Step 1: Use the values of the weight vectors as obtained from learning phase 1.

    Step 2: Present input and calculate distances between the input vector and weight vectors for each output node as in equation (4). The output node with the minimum distance is the first winner and the output node with the minimum distance is the second winner .

    Step 3: Adapt weights. The weights for the first winner output node is adapted with

    The learning rate is initialized to 0.2 and decreases linearly with the number of times the specific node is selected as the first winner



    is weight vector with the correct label (first winner), is the weight vector with the incorrect label (second


    The factor is used to control the adaptation of the second winner.

    Step 4: Go to Step 2 and repeat for all segmented inputs. After it the actual classification process starts.

    Fig.5 Segmented EMG signal

    3.3.3. Classification phase

    In this phase all the input vectors are classified to one of the output nodes.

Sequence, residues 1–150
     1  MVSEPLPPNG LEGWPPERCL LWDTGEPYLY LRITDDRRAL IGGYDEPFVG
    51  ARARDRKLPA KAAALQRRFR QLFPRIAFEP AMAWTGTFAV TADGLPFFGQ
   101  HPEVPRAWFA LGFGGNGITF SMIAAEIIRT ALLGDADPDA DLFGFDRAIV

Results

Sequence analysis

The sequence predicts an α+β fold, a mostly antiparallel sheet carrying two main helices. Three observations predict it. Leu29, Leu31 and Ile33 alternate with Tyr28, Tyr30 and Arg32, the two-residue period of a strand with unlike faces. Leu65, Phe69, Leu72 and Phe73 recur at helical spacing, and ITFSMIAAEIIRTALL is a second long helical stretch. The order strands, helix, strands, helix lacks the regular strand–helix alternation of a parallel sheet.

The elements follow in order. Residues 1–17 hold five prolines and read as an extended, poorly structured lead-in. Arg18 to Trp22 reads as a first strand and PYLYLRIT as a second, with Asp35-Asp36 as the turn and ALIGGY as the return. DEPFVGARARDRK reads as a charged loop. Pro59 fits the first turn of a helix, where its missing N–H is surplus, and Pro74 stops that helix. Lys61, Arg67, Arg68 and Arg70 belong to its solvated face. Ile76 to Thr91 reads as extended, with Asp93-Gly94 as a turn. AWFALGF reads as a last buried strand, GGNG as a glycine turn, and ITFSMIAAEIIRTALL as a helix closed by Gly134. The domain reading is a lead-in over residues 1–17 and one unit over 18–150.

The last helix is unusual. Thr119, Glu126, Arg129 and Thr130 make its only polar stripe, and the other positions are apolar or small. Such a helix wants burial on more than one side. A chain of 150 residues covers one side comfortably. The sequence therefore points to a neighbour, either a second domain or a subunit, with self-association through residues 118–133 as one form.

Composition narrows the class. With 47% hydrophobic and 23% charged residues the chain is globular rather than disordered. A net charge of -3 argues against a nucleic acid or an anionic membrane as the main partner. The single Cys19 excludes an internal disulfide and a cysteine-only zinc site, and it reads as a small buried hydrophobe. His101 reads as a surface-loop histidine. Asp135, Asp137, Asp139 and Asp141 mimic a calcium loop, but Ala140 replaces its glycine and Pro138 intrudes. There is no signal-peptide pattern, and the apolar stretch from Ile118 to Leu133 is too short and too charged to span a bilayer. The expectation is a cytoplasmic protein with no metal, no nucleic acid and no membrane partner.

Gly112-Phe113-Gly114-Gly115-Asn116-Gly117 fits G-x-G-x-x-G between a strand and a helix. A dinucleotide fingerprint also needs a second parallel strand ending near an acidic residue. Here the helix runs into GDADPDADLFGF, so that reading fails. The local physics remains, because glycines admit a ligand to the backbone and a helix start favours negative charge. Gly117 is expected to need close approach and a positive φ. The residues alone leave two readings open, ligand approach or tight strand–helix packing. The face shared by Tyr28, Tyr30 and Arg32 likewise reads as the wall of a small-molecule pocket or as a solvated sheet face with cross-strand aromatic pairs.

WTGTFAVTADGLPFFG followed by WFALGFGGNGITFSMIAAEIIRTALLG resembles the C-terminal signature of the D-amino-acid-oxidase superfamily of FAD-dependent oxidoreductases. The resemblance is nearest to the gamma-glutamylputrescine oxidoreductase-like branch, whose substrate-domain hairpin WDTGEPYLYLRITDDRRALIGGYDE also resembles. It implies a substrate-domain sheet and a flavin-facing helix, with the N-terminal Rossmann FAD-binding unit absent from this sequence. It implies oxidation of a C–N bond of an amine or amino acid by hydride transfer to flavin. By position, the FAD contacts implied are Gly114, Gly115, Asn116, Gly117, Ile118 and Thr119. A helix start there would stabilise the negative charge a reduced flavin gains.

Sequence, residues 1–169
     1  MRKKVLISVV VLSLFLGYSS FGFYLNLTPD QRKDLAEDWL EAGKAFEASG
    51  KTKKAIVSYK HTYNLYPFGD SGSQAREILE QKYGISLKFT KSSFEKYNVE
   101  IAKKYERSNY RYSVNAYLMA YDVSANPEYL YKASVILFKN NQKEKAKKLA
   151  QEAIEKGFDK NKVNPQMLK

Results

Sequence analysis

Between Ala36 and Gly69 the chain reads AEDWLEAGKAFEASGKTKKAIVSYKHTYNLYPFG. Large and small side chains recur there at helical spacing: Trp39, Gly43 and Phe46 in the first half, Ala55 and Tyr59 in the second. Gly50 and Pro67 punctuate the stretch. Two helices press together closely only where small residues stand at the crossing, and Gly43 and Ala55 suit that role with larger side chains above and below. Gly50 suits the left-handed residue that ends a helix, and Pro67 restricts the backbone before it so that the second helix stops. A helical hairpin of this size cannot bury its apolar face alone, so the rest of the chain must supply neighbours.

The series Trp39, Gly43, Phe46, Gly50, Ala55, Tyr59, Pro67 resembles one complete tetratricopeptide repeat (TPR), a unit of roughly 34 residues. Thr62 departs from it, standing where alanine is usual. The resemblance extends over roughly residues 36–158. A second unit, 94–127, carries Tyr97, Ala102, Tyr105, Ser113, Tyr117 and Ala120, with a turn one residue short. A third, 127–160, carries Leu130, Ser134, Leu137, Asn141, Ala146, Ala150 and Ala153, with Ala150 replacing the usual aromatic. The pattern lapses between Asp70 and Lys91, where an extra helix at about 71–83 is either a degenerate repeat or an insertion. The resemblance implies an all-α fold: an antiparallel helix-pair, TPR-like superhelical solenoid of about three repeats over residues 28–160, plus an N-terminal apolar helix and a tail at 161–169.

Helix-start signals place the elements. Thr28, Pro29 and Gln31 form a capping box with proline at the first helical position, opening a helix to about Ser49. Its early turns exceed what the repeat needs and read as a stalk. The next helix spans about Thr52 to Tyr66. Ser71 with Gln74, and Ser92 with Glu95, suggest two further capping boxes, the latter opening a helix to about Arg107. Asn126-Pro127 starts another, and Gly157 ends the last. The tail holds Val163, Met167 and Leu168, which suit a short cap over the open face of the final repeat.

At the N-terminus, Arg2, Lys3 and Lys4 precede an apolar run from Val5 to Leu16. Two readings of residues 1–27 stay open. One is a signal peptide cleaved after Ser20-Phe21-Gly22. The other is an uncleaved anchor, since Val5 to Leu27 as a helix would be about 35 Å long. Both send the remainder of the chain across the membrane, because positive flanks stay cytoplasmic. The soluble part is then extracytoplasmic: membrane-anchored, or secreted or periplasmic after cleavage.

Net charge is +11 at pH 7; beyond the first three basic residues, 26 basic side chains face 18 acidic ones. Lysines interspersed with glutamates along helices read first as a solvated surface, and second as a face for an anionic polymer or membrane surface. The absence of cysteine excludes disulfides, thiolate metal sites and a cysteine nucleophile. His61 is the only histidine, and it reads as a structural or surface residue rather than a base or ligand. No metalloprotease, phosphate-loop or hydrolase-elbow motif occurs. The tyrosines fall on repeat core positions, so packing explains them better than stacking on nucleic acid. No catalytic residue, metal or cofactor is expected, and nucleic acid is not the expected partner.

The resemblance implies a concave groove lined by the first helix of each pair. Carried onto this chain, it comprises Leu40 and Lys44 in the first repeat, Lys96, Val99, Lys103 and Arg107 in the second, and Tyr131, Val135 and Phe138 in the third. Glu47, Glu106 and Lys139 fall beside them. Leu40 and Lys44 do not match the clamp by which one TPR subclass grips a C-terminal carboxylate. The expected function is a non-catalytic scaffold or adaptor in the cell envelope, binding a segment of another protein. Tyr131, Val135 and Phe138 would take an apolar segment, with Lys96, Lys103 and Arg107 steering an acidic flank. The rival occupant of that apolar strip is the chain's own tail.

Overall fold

The implementation steps are the following:

    Step 1: Calculate distances between the input vector and the weight vectors as in equation (4).

    Step 2: The length of the weight vector of the winner node is calculated as the sum of the squares of its vector values


    And for the second winner with the weight



    If 0.2, then the input is assigned to the MUAP class of the winner node.

    The physical meaning of is that the greater its value, the greater the dissimilarity between the waveforms.

    Step 3: Go to Step 2 and repeat for all segmented inputs.

    Step 4: If the number of members in a class is three or more, then a valid MUAP class is identified. Fig. 3 illustrates the

    classification of MUAPs of the raw EMG signal given in fig.2.


    Table.1: shows Classification success rate of the three algorithms.

    Subject (No.)

    SOFM with LVQ




    150/152 (98.68%)

    149/152 (98.02%)

    151/152 (99.34%)


    273/277 (98.55%)

    264/277 (95.3%)

    267/277 (96.38%)


    130/136 (95.58%)

    126/136 (92.64%)

    125/136 (91.91%)


    553/565 (97.87%)

    539/565 (95.39%)

    543/565 (96.10%)